she married Onestus Sherman. My next sister's name is Pricilla, she married Noble Henmon. The next is Alfred. His wife's name is Rody Root (he died soon after they
were married.) Moses, his wife's name is Unice Farmer, Zephaniah, his wife's name I do not know. Jemima, the youngest, her husband's name is Eliot Mason. Soon after I was 21, I went to Boyleston, N.Y. and bought 60 acres of land near where my Br.-in-law O. Sherman lived. There after I got married after four months and 11 days of acquaintance. My wife's name is Esther Dutcher. We were married May 11, 1826. She was born on 11 Jan. 1811 in Cherry Valley, N.Y. We lived In Boyleston, Oswego, N.Y. 10 years in that time we had 3 children. Our first child, was born Aug. 1, 1828. His name is Axariah. The next was born Jan 1832. Her name is Emily H. The next was born Dec. 2lst 1833 named Candace. Our fourth child was born in Nauvoo,
Hancock Co., Ill, in Sept. 2lst 1844. His name is Joseph. 5th and last by my first wife was born in Salt Lake City on May 9th 1849. Her name is Esther. (Note: A corner of the page is torn off. The following few sentences are
unfinished) Cold and very snowy one snow storm which…the sow fell five feet that perhaps well satisfy…of snowy place it was not only cold and…but so cold and frosty summers that, not raise wheat and other crops very poor. The summer I lived in Halys settlement. I took up 10 acres of farming land on unbroken prairie and fenced it, broke it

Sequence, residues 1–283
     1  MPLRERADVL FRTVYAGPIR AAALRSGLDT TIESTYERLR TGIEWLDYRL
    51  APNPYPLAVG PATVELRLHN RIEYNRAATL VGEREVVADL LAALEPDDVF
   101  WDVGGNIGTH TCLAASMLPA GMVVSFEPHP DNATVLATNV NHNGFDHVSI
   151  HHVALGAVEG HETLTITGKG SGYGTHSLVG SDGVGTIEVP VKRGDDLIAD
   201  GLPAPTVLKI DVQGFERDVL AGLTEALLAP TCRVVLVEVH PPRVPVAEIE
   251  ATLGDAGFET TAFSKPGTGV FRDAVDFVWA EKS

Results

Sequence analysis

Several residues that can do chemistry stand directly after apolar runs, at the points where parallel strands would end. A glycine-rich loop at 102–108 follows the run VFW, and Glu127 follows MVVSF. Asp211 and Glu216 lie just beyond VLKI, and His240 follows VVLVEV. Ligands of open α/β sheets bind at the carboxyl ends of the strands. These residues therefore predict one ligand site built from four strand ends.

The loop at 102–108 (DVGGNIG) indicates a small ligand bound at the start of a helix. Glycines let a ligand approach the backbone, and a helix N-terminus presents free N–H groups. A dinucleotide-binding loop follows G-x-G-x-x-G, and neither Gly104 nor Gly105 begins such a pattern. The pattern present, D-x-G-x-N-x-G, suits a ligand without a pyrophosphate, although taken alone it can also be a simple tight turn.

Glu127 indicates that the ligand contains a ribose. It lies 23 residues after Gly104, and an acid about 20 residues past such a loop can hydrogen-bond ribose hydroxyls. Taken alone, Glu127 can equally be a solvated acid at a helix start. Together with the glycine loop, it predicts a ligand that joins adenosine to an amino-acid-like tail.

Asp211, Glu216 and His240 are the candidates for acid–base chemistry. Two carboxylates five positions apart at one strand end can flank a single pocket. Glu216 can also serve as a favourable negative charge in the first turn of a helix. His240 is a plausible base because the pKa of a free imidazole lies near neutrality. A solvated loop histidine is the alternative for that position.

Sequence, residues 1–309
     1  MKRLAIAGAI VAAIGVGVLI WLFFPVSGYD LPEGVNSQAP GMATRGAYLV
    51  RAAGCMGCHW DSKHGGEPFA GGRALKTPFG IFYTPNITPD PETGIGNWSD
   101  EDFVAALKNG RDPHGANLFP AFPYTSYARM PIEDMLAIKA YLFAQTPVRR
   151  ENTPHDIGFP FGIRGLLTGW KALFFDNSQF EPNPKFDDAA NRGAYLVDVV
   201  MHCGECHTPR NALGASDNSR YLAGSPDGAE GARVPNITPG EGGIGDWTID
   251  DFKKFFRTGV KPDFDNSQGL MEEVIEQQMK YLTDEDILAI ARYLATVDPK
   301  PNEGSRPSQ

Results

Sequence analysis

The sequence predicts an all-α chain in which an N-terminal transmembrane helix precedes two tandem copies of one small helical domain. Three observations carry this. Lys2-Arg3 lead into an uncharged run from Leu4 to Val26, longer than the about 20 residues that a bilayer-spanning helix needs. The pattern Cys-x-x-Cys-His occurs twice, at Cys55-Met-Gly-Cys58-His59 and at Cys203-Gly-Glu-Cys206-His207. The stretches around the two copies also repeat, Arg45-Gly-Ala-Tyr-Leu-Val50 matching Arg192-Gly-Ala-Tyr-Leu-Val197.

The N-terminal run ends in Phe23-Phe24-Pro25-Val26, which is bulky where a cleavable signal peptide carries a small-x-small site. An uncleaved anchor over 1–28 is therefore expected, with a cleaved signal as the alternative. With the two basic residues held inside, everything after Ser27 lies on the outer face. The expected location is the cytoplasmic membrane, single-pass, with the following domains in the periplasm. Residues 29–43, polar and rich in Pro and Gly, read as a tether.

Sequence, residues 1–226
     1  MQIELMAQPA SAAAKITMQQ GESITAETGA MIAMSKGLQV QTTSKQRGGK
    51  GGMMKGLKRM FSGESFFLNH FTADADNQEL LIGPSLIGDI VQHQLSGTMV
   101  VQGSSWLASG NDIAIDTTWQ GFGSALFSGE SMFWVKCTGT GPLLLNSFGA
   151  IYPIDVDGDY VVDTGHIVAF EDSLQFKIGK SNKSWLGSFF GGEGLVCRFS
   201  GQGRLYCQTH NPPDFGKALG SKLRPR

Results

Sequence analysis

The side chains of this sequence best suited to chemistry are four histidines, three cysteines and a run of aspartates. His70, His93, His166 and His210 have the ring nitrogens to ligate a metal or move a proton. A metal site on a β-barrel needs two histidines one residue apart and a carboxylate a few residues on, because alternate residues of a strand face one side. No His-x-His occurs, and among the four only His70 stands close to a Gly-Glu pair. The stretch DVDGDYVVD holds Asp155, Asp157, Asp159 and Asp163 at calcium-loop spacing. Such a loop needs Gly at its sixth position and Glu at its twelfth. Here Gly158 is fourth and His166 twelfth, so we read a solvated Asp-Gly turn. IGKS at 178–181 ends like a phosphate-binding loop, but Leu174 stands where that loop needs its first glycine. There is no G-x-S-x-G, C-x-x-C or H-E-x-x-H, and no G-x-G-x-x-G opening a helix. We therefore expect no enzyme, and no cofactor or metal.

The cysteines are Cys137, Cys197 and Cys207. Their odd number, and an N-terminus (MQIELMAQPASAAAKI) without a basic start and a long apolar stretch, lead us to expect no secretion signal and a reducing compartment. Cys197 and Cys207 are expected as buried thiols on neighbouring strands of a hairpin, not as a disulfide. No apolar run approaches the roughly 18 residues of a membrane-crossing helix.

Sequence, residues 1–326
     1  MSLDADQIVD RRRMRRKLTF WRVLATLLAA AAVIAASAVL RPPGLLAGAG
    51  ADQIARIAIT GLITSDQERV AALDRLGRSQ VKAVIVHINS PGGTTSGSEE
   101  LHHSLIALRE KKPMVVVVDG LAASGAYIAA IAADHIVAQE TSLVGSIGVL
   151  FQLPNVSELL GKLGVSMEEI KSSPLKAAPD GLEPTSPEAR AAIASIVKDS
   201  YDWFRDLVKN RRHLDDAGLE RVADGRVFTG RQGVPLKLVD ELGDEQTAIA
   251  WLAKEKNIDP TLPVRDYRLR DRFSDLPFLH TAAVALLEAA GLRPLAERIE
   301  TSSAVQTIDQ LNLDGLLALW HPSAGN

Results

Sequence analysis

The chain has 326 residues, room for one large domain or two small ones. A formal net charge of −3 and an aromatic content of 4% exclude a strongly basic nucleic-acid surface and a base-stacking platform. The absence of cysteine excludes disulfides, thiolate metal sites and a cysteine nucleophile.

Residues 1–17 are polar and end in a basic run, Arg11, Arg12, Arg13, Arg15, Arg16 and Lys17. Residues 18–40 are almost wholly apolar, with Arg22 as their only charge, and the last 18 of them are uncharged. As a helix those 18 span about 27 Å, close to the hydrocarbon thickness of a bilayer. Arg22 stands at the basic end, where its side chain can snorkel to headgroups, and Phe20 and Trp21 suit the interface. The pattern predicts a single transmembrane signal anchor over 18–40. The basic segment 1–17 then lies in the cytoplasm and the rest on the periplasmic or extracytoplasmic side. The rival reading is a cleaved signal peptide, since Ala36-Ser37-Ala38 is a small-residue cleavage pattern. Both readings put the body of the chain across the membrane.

and put it in the fall, I got materials for a house 18 by 22 feet, not only the frames but the roofing, flooring, siding, window frames. Yes and the window sashes. This country at this time was very new. I think it was 18 or 20 miles to a sawmill. I took the whole of it to the river ready to take it across as soon as the river froze over. In Sep. my wife was sick with the scarlet fever 3 weeks. The first of Jan 1841 I commenced to take over my house, The river being froze. My team was the first that crossed that winter when I got my frame (for it was framed) and all the materials across; I then moved my family across
and moved in with my Br.-in-law, Isaac Outercork. This winter my wife had a serious time with the winter fever. I put my house and finished it sufficient to move into it Apr. 6, 1841. On this day commenced the annual conference. The first day was laid the corner stone of the temple.

* Mormon Battalion members

Inscription

Joint headstone:

ALBERT SMITH
BORN
IN ASHFIELD
MASS.
NOV. 18. 1804.
DIED
OCT. 31. 1892.

ESTHER SMITH
BORN
IN CHERRY VALLEY
N. YORK
JAN. 25. 1811.
DIED
SEPT. 17. 1856.

Military headstone:

ALBERT SMITH
PVT UTAH TER MILITIA
INDIAN WARS
NOV 18 1804 _ OCT 31 1892

*TER represents Territorial.